Academic solutions are focused on what's theoretically possible. They rely on technically plausible but unproven technologies that need decades of development to prove political, technical and economic viability at scale. A previous example of an academic solution was the Hydrogen Economy. This attracted significant investment but never gained traction because of multiple political, economic and technical issues.
Here is a quote from a recent 100% renewables paper about solutions to long duration intermittency of renewables:
“In the first scenario, during periods of extreme weather or when wind and solar energy fail or fall short, Brown and his team suggest imports, hydroelectricity, batteries and other storage methods. Or, in the " worst-case solution," they said hydrogen or synthetic gas produced with renewable electricity could fill that gap. As for maintaining grid stability, they offered technical solutions, such as rotating grid stabilizers and newer electronics-based solutions.”
All of these “solutions” to long term intermittency face severe obstacles. For example, imports relies on long distance transmission. The reality is there is very little long distance transmission in the world today so current transmission is not a good reference to what is needed. At distances that would work to provide electricity from a geography not suffering the intermittency, transmission cost would be higher than generation cost. There would also have to be excess generation to provide the needed long distance electricity. Already this would triple the cost of backup electricity. The amount of transmission lines would have to be sufficient to provide for a large geographic region. Transmission lines are politically difficult to get approved. The transmission and excess generation would have a low utilization factor which would further increase its cost.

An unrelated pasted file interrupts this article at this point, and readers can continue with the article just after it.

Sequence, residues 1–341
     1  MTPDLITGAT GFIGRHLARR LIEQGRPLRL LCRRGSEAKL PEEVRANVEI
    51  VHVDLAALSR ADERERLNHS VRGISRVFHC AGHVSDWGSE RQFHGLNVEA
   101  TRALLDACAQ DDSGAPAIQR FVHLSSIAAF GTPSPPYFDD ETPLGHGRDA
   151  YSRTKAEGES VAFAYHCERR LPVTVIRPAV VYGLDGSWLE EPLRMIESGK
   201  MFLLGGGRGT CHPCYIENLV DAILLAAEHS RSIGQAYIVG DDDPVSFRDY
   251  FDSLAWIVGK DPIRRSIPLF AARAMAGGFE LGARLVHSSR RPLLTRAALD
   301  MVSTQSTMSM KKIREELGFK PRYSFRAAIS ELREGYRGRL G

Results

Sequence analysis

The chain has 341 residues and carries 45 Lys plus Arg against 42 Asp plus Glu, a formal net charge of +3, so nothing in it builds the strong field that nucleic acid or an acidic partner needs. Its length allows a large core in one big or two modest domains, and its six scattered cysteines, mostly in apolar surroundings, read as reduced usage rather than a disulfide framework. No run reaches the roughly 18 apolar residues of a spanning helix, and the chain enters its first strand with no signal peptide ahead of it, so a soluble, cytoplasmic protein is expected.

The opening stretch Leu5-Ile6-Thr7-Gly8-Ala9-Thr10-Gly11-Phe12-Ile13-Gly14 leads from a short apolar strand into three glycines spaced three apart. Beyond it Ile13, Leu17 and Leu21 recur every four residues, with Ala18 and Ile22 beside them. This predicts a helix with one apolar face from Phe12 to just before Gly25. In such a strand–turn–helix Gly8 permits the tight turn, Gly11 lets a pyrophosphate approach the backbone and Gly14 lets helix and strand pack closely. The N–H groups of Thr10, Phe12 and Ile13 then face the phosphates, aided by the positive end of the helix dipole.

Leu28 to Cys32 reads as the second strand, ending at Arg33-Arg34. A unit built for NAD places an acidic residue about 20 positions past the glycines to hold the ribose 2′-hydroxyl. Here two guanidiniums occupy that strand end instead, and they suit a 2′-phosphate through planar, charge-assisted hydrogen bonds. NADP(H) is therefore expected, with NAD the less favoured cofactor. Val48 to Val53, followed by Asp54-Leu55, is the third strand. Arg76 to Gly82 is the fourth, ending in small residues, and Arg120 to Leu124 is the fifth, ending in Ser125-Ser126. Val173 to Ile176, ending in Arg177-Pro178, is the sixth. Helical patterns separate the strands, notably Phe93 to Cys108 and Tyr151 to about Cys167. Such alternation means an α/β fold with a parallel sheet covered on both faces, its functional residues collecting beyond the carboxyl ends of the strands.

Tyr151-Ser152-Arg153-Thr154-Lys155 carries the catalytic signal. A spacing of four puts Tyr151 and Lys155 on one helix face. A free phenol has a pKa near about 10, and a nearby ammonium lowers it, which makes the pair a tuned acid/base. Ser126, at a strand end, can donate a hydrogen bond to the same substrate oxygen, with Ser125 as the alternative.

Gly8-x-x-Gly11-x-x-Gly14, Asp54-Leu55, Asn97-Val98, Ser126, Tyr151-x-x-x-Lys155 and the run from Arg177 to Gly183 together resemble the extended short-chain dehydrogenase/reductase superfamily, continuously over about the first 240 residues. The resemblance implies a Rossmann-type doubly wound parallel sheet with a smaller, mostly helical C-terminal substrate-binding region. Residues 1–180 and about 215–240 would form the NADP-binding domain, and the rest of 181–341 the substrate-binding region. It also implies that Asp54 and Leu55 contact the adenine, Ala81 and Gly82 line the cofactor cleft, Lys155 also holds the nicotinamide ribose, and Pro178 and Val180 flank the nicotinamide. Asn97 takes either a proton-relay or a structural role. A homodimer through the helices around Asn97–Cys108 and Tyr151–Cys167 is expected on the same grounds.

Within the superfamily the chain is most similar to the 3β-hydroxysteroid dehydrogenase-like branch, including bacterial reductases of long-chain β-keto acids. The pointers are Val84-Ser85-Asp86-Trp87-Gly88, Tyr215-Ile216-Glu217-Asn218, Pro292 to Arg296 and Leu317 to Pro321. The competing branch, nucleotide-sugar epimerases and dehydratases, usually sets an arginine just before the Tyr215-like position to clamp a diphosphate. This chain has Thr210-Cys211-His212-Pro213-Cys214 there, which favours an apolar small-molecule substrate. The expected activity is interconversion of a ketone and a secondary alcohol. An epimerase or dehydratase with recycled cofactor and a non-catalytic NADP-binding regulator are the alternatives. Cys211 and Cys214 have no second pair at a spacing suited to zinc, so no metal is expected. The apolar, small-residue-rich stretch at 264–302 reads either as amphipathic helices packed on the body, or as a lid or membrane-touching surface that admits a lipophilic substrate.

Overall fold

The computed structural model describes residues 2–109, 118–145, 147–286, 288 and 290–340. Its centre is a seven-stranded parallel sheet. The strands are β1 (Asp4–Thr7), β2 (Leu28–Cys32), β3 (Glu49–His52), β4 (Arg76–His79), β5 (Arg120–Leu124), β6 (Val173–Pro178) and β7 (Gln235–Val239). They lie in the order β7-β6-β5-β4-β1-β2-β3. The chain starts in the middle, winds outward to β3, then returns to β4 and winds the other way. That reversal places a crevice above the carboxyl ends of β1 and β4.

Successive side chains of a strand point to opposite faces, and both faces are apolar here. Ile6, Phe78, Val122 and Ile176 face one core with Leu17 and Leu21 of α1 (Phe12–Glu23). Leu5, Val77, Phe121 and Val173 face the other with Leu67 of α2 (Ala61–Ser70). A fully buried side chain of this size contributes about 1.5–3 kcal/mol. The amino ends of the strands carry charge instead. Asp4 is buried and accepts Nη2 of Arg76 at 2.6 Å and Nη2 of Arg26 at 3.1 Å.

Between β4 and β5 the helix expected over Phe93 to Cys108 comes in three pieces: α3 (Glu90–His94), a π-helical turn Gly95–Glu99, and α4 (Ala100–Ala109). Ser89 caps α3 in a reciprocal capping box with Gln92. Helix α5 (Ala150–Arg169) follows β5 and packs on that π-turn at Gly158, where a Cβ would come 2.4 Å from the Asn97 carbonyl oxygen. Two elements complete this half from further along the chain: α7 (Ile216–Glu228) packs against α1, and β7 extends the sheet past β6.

All of these problems are economic and political and not related to technological feasibility which is what academic solutions focus on. Solutions like hydroelectricity suffer from a lack of rivers to dam and a political resistance to large hydro. Batteries are expensive and short lived and need technological development which is occuring at a slow pace. Alternative storage, like compressed air have failed to gain traction. The “worst case solution” of hydrogen from electrolysis suffers from a lack of development at scale and the fundamental low round trip efficiency and low utilization factor of the electrolyzer and generation plants. To make hydrogen work requires new technological development and renewable generation to be very low cost.
Viewed objectively, proposals for 100% renewable solutions are all at least as speculative as Stratosolar. Stratosolar risks are in the feasibility of assembling and deploying its large structures which can be proven in a short time frame without a large investment in a supporting infrastructure or a large political consensus. Given the desire for 100% renewable solutions and the problems with all the proposals, it is difficult to understand the lack of interest in a plausible solution.
By Edmund Kelly